According to 2 Corinthians, these hard things, like cancer, grief, job loss, etc. happen for a very good reason: they are “preparing for us an eternal weight of glory beyond all comparison.”
These hard things in life are preparing something eternal for us.
How can we tap into that hope and live with confidence in that promise? 2 Corinthians 4:18 continues, “as we look…” Where are our eyes looking? Where are our thoughts focused? If we are looking at our circumstances, the things that we can see here, then we are only considering what is temporary. We must look beyond this life, beyond the temporary, beyond what we can see, and to the things that are unseen, for these are eternal.
One example I can think of is childbirth. It is hard. It is intensely painful. But it is “light” and “momentary” compared to the joy of parenthood. I’ve been a parent for nearly 25 years, but I was in labor for fewer than 24 hours if you add up all four of my deliveries. Part of what got me through each labor was thinking about the precious baby that I would hold in my arms when it was over. My eyes were focused on what was unseen (until he/she was finally born)!
Life is full of hard things.
Because God is good and works out all things for the good of those who love Him, we can know for sure that there is a reason He is allowing or even sending the hard things into our lives. First of all, we weren’t meant to stay here. Hardships remind us that there must be something better than this. Next, our afflictions are preparing for us an eternal glory that cannot compare with the hardship. But we must keep our eyes on the eternal.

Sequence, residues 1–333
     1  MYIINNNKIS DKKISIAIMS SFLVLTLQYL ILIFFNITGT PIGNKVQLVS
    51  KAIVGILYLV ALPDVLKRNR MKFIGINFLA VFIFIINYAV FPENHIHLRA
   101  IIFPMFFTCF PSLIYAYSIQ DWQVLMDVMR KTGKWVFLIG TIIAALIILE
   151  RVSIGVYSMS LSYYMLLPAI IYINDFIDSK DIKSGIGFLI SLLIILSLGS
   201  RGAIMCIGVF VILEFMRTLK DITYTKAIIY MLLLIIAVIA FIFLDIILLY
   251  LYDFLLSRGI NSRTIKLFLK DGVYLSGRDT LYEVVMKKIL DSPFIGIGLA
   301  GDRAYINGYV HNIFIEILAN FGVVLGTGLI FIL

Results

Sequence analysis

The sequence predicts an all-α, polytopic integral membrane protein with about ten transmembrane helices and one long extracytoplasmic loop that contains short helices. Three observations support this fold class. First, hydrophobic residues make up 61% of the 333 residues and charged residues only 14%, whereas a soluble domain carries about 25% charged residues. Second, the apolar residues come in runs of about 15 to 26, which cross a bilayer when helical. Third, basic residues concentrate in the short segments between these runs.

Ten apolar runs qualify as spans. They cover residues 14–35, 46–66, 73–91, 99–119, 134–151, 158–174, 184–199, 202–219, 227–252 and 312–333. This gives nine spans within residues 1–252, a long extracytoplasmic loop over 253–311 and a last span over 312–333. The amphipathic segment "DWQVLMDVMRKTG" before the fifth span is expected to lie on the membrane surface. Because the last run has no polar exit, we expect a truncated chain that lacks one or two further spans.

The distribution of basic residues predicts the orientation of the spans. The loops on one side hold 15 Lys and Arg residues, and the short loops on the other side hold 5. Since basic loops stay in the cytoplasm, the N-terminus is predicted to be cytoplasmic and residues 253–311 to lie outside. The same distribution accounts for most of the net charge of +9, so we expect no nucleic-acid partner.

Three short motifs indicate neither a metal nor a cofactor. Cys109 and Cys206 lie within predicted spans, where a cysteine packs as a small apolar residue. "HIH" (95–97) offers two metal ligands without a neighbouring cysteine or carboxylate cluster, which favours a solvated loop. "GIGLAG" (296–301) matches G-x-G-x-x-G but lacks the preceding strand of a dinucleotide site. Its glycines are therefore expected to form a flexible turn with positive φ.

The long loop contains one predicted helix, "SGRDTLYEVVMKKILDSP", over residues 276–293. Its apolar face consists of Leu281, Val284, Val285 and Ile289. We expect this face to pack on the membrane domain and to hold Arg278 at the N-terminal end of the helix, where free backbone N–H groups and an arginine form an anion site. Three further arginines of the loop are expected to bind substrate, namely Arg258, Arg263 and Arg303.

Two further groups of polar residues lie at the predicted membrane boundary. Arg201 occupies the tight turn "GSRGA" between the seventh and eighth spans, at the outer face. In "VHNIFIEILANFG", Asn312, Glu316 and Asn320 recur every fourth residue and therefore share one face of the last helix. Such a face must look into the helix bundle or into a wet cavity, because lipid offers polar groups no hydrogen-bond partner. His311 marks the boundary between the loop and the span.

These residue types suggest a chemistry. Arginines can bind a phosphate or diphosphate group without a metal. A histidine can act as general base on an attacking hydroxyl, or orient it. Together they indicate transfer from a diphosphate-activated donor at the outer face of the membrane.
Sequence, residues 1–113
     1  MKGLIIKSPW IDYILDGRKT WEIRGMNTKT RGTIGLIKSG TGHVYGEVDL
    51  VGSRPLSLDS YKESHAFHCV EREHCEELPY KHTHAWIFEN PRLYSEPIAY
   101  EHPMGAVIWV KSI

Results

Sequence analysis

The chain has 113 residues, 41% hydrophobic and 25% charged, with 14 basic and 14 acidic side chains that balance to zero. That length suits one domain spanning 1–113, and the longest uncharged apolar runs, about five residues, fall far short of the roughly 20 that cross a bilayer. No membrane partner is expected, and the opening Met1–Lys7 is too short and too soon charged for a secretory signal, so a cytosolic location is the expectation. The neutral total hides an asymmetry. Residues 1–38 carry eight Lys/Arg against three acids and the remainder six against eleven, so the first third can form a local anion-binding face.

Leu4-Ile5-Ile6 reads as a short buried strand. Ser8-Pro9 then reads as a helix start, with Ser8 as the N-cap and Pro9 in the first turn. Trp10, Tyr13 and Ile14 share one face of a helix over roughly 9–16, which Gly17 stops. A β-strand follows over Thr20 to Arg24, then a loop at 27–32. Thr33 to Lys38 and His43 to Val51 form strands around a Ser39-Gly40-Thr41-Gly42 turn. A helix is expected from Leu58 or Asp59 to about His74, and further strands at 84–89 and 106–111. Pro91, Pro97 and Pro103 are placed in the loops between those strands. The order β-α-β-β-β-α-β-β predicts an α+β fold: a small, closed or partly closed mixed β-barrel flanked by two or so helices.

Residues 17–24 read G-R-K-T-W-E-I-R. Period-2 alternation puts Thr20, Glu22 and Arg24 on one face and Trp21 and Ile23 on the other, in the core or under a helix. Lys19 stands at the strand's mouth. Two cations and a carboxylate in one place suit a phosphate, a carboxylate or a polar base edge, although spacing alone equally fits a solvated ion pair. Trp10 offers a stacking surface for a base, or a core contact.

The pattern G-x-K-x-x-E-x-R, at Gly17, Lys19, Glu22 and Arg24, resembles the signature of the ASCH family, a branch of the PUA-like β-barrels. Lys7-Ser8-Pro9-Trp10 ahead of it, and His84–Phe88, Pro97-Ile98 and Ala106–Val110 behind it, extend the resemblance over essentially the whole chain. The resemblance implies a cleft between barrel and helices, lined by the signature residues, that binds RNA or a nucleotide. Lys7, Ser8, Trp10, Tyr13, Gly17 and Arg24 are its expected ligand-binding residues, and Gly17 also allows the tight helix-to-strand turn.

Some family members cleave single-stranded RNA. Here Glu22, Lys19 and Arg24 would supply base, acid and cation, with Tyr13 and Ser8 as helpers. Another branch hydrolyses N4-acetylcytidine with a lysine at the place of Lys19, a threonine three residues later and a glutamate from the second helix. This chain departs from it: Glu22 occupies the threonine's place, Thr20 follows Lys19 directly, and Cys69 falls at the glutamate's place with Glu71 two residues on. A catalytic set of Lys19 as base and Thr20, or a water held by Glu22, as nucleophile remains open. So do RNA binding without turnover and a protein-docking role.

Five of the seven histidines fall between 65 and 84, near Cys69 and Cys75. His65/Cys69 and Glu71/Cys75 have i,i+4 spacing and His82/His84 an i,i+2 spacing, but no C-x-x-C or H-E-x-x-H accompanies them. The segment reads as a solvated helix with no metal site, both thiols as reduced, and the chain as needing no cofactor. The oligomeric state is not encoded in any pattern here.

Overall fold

Last summer, we were hiking with our grown children, and I was getting a little tired. I started to look at the path to see how much further we had to hike to reach the observation point and see this beautiful waterfall we had heard about. My eyes were on the path, my thoughts were about my fatigue. Then my son spoke these words of exhortation to me, “Come on, Mom. Eyes on the prize!” I needed to remember why we were hiking up the steep, winding and sometimes rocky path: to see the waterfall. I couldn’t see it yet – my eyes had to look past what I could see (the path) and to what I could not yet see (the waterfall).
That is the secret to facing hardships.
We must keep our eyes and thoughts focused not on this life and what we can see, but on that which we cannot see: Jesus, the author and finisher of our faith (see Hebrews 12:2). He started a good work in us and He will finish it (see Philippians 1:6). The hardship is temporary. All of this life is temporary. But “this is eternal life, that they know you the only true God, and Jesus Christ whom you have sent” (John 17:3). As my son said to me, “Come on, Mom. Eyes on the prize!” So, I say to you: “Come on, everybody! Eyes on Jesus!”
Therefore…let us run with endurance the race that is set before us, looking to Jesus, the founder and perfecter of our faith, who for the joy that was set before him endured the cross, despising the shame, and is seated at the right hand of the throne of God (see Hebrews 12:1-2).